It’s one thing to collaborate as part of a larger team and quite another to lead from the front and manage. We asked her how she took on this new role.
“I think that was interesting for me…When it comes to leadership, I had probably miscalculated the amount of managerial responsibility I would have. I think it's probably not an area I would see myself in, going ahead. But while I was in it, I think I made the most of it.”
Her two key learnings :
Learning to let go… and you can’t quite afford to have an off day. You become emotionally responsible for the people that you're with.
Working on this season also allowed her to try her hand at directing an episode, end-to-end. From locking animatics, briefing animators to overseeing sound design edits - she got to handle it all. Editing down an animation episode to fit the 11 min sacrosanct slot meant devising clever ways of editing, stealing away a frame here, a frame there, without compromising the story. A different kind of creative approach.
Serendipity has shaped a large part of Lavanya’s journey. In between production seasons (of 1 & 2), she found herself working on Ari Folman’s (of The Waltz with Bashir fame) new feature, Where is Anne Frank. A multi-studio, global production, it had artists from across the world. She leaped at the opportunity working with Studio Moshi, one of the many studios on the film. How often does one get the chance to work on a 2D feature of such scale? Speaking of the experience, she describes it as humbling and enriching.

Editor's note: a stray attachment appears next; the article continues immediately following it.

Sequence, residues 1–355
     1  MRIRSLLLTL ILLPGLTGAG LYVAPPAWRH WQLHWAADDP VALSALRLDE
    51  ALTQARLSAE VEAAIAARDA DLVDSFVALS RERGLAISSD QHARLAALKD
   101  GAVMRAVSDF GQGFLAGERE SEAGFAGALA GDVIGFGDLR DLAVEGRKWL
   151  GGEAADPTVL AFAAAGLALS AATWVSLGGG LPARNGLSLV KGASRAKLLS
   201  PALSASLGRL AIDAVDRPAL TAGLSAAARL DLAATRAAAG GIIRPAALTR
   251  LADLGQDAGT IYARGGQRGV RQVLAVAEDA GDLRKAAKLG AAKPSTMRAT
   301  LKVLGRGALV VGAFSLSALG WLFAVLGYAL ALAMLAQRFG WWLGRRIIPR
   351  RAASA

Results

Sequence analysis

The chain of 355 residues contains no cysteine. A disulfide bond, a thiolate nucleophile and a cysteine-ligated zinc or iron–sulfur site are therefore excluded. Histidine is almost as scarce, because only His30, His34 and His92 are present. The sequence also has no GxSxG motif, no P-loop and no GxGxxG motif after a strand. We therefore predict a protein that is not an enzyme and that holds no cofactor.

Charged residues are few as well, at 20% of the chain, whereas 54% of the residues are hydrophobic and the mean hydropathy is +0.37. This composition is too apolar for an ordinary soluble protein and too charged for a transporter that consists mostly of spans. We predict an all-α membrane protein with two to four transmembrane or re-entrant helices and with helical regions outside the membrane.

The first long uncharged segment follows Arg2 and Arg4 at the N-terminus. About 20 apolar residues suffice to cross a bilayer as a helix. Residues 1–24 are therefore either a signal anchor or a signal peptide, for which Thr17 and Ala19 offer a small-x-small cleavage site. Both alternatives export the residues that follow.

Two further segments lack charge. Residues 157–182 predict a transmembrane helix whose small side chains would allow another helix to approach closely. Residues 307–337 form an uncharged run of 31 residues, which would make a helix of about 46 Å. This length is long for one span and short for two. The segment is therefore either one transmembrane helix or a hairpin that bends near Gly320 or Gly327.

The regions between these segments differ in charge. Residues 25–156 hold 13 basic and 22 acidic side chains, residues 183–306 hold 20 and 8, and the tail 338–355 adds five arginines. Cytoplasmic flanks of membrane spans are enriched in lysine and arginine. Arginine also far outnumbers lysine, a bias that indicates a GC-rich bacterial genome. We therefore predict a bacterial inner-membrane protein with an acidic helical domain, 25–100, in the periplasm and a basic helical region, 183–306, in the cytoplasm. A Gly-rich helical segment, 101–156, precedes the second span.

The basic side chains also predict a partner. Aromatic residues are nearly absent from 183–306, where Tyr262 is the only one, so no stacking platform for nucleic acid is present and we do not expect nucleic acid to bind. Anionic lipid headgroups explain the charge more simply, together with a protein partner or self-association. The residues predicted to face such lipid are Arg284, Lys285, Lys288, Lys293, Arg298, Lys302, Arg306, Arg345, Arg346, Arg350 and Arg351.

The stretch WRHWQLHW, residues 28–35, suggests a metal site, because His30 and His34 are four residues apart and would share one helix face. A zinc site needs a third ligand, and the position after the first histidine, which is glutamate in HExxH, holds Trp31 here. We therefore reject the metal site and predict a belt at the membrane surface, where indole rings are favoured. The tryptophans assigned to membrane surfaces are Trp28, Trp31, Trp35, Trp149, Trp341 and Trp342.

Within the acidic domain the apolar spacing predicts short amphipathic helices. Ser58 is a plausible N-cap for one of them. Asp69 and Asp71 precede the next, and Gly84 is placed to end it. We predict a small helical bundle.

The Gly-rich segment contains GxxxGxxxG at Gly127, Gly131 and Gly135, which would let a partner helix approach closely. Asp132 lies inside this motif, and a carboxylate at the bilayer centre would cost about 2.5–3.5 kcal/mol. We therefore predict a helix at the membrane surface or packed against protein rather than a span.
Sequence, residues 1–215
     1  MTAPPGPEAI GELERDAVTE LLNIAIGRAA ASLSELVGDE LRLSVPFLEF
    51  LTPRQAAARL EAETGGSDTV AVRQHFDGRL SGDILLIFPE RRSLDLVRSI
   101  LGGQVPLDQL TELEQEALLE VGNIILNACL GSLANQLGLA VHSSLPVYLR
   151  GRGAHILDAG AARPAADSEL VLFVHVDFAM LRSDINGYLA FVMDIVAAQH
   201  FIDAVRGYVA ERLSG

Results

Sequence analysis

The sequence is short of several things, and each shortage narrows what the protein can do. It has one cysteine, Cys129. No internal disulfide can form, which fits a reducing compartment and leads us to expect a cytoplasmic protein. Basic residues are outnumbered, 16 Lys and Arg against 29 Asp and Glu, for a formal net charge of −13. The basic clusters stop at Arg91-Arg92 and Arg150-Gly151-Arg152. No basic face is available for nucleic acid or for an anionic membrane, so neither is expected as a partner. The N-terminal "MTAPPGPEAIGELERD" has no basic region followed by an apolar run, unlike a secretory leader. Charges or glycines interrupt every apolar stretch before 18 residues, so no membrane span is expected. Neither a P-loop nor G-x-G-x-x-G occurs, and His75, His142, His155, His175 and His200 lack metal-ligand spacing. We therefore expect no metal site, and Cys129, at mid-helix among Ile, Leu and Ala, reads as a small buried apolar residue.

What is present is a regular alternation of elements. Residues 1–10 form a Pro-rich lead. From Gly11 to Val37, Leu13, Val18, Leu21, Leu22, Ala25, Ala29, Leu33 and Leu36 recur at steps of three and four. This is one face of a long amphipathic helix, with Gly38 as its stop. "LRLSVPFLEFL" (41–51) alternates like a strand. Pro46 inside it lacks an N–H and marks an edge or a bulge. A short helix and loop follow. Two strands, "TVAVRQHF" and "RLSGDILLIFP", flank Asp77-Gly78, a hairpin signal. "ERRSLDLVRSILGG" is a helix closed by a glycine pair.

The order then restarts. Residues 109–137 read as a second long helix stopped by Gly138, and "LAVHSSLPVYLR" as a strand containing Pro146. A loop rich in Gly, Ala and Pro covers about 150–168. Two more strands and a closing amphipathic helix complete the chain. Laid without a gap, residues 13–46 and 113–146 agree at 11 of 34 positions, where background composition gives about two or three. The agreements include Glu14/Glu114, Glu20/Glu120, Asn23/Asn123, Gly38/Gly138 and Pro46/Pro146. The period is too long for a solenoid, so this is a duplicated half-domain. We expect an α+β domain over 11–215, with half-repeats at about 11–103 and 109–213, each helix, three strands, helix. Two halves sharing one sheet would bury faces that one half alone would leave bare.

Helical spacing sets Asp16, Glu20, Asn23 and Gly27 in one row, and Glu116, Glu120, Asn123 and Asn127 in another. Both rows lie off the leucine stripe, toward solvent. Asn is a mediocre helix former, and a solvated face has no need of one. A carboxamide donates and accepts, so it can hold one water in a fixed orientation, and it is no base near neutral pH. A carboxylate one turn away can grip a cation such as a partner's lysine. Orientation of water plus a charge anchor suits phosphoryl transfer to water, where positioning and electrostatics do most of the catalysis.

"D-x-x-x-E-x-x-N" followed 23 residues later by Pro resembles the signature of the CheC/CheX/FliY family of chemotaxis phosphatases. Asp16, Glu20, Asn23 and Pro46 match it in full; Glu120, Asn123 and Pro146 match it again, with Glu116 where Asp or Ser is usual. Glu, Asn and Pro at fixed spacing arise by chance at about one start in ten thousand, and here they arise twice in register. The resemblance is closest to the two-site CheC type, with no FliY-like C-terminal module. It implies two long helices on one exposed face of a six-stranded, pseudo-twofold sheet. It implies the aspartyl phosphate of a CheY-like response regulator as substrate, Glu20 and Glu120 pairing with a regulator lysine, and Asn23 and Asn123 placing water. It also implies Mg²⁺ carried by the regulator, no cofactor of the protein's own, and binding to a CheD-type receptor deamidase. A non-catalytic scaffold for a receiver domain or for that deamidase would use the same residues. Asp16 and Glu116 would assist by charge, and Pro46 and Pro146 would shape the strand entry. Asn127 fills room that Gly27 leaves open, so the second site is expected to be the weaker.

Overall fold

“It was equal parts intense and amazing! For one, as a traditional animator you are waiting for projects like this where everything is hand-drawn. The (visual) style of the movie was such that there were no repeats, meaning no holds, no boils. This is where I learned that the action scenes are still ones where we can get away with easily. It’s the still, quiet scenes that require so much work. You have to have a very steady hand and make sure your frames don’t look dead.”
Final screenshots from one of the scenes Lavanya worked on (R1 & R2 stages), a tricky multiplane, multi-character shot.
By now Lavanya’s tried her hand at most things books, apps, commercials, episodic production and feature. Through all these roles and projects a few things stood out quite clearly for her. Perhaps team management led roles weren’t quite her cup of tea. She craved the freedom to express herself more wholly. There was a longing to get back to drawing and immerse herself completely in the process. And this took her back to dedicating her energies more towards illustrating for Children’s books. Something she had been doing all along, but not so single-mindedly.